O: Interestingly different from the canned highball I had made with the same whisky - more apple and pear on this one rather than lemon and lime - the wonders of carbonation.

Kirin Lager Beer - 5%

N: sweet and wour malt, light shitake mushroom, tropical marmalade notes

P: lemon peel, toasted malt, light

F: clean, ultra light toasted malt

O: Crisp with an intriguing shitake mushroom note - I think I prefer the original to this.

Japan - 3/17/14

My first day in Japan. Flying over I read “Drinking Japan” by Chris Bunting who boldy states that Japan is the best place to drink in the world. Reading about the dizzying array of sake, shochu, awamori, beer, whisky, wine and cocktail bars I grew excited as I gradually woke up from my red-eye. Upon arriving I felt a tidal wave of emotion as it really sunk in that I had landed in the Land of the Rising Sun. I was immediately struck by the politeness of the people, the overall cleanliness and the modernity of the city. Traveling from Haneda airport to Yokohama I picked up a few drinks.

Suntory Highball - 7%

N: lemon and lime soda (Sprite), light buttered toast, apple, orange juice, light honey, light cinnamon

P: toast, lemon, lime, orange peel

F: toast, orange juice, lemon, lime, light smoke, slight medicinal off note

O: My first drink at Haneda airport had to be a highball, and with no doubt in my mind I grabbed a SuntoryLight, crisp, simple and refreshing, I can see how these can be a great alternative to beer when the heat turns up. I got a huge lemon & lime thing going on with this one. $2.

Premium Yebisu All Malt Beer - 5%

N: sweet toasted malt, light nutmet, faint grapefruit, orange juice, hay, assorted tropical fruit juice, grape bubblegum, light blackberry, light blueberry

P: toast, hay, light bubblegum, lemon juice, light body & carbonation

F: light toasted malt, dry, light and clean

O: After getting through the culture shock of running on a couple Japanese Rail (JR) lines I needed a beer before going to my host’s house. Yebisu to the rescue! An overall toasty and fruity beer - just what I needed to lift my spirits. $2.

Yoichi NAS - 43%

N: sweet malt, roasted pear, orange marmalade, smoky galangal, cinnamon, ginger, light salt, light jalepeno, caramel, glue, honey suckle

P: sweet malt, root beer, light ginger, toast, salt, light smoke

F: toast, lime, butter, light, orange marmalade, beef broth

O: I was pleasantly surprised when I picked up this bottle after exploring Yokohama a little bit. Commonly sold in 500 ml bottles at convenience stores for $17 it was a perfect night cap. Tons of sweet malt with orange marmalade and roasted pear, it has subtle complexity if you reach deeper. $17.

daydreems asked:

Would like to know how to make chrystal clear ice at home if it is posible at all! Checked few videos on youtube and tryed as it tells but failed:((( maybe You can help;) thanx;))) a lot;))) and grat blog by the way!!!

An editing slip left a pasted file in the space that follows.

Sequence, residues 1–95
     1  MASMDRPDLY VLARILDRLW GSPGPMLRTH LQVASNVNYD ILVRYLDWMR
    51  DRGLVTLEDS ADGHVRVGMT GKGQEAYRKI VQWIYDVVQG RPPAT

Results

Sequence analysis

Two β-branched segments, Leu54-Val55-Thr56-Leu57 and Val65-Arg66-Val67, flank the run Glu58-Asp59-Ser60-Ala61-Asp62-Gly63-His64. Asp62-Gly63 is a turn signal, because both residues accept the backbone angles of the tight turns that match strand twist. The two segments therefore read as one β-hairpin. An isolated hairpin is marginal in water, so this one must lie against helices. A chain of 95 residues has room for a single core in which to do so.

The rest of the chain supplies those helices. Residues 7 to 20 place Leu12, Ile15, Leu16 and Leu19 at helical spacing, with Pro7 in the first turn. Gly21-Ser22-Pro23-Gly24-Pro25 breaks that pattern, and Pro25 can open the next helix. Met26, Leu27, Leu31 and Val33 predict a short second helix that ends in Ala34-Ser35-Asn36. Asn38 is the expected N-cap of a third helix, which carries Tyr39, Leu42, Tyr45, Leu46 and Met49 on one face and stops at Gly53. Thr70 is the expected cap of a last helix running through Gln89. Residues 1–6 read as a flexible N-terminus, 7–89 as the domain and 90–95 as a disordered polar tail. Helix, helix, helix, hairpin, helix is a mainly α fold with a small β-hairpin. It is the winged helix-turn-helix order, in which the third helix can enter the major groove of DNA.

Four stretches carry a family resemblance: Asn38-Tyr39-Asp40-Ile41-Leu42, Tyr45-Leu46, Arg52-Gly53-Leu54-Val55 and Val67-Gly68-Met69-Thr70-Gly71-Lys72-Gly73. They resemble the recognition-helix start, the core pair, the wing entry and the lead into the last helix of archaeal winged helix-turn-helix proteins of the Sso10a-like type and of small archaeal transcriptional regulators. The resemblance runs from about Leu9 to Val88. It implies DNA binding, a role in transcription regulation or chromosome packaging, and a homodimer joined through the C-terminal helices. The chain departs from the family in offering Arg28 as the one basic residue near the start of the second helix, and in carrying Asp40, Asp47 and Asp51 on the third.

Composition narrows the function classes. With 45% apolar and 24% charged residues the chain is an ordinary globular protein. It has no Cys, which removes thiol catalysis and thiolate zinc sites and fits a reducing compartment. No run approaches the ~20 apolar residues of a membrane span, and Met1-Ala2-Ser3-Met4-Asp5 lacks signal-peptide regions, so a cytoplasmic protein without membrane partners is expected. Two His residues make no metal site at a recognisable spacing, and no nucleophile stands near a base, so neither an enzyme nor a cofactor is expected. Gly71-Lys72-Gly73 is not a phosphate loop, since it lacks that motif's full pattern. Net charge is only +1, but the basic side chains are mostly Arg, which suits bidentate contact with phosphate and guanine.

Thank you! Contrary to popular belief, freezing clear ice at home is not that difficult. In a nut shell you need to freeze it in one direction and at a slow pace (turn your freezer up). By freezing it in one direction you push the air bubbles down (or out) of your ice - clinebell machines do this on an industrial level. By freezing your ice slow with a higher temperature you give the ice crystals proper time to form resulting in crystal clear ice. You can simply do this buy buying a ice cooler and popping it in your freezer with water. Camper English pioneered this technique, you can read about it on his blog here: http://www.alcademics.com/2009/12/clear-ice-blocks-at-home-in-an-igloo-cooler.html. There’s more to it than that but that’s the basics - you can learn more on Camper English’s blog and in Kevin Liu’s “Craft Cocktails at Home” book. Cheers!

Greg Boehm and Leo Robitschek on Japanese Barware
"Boehm explained that in the 1890s the Japanese embraced the golden age of the mixed drink: “They captured the cocktail as it was then,” Boehm said. So, while Prohibition severely stunted the cocktail’s growth in this country, it flourished in Japan, where the art of mixing drinks was studied and, some might say, mastered. The Japanese have created the tools and techniques to make the perfect cocktail — including ice picks for carving the proper cube, tightly twisted bar spoons with a muddler or trident tip, and a jigger that’s taller than it is wide to prevent spillage. (You can witness the art of Japanese cocktail making at B Flat, which outfits its bar with Yarai gear.) The company also makes a glass bitters bottle that pours a true dash every time, solving the problem of inconsistent bottle spout sizes.

So, what’s so great about those Yarai mixing glasses? Leo Robitschek, the head bartender at Eleven Madison Park, says the Yarai glasses don’t break; they’re sturdy enough to let him mix two drinks at once without them tipping over; they’re gorgeous; and they stay colder longer. “We’ve had them for six months now and not one has broken,” he says. “Before, we would chip two pint glasses a week.” He believes that barware is something America really lacks, and he’s not surprised that Japan is leading the way; the Japanese may not have created cocktail culture, but they are definitely trying to perfect it.”